The premise for Frostbite was irresistable: vampires on the loose in Lapland, where the sun doesn't shine for a full month in winter. The old "wait until dawn, then they'll have to retreat" tactic wouldn't work. Then one of the Fantastic Fest programmers described the film to me as "this year's equivalent of Night of the Living Dorks," one of my favorite films from last year's festival, so I knew I couldn't miss Frostbite. I was so pleased that the movie lived up to and even exceeded my expectations: it's a better-paced movie than Dorks, and blends horror and comedy effectively.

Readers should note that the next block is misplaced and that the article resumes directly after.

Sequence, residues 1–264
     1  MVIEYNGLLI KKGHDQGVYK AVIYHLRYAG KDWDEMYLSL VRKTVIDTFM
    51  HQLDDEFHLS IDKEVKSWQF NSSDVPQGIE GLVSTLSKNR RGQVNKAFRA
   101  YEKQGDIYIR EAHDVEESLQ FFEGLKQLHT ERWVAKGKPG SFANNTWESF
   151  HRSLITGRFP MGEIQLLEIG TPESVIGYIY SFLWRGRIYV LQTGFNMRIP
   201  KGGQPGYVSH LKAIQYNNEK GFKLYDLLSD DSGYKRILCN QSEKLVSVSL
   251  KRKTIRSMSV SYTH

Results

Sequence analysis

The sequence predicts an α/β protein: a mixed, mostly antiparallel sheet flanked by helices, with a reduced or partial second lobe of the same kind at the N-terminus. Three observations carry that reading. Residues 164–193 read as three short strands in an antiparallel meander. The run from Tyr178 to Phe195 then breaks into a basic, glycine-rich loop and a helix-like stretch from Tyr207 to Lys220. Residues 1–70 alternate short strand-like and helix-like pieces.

The pre-credit opening sequence is set during WWII, when soldiers seek refuge from a snowstorm in a cabin that turns out to be vampire-infested. The teaser establishes suspense for the rest of the film, set in contemporary times during the "polar night" season. Annika (Petra Nielsen) and her teenage daughter Saga (Grete Havneskold) move to Lapland so Annika can work with famous genetic researcher Gerhard Beckert (Carl-Ake Eriksson). No one quite understands what Beckert is doing, so one of the young interns (Jonas Karlstrom) steals a few of the pills Beckert is giving his comatose patient, an action the intern soon regrets. Meanwhile, a mysterious death in town is being investigated, in which the victim had two puncture wounds on his neck. We all know what that means, even if the police and the coroner do not.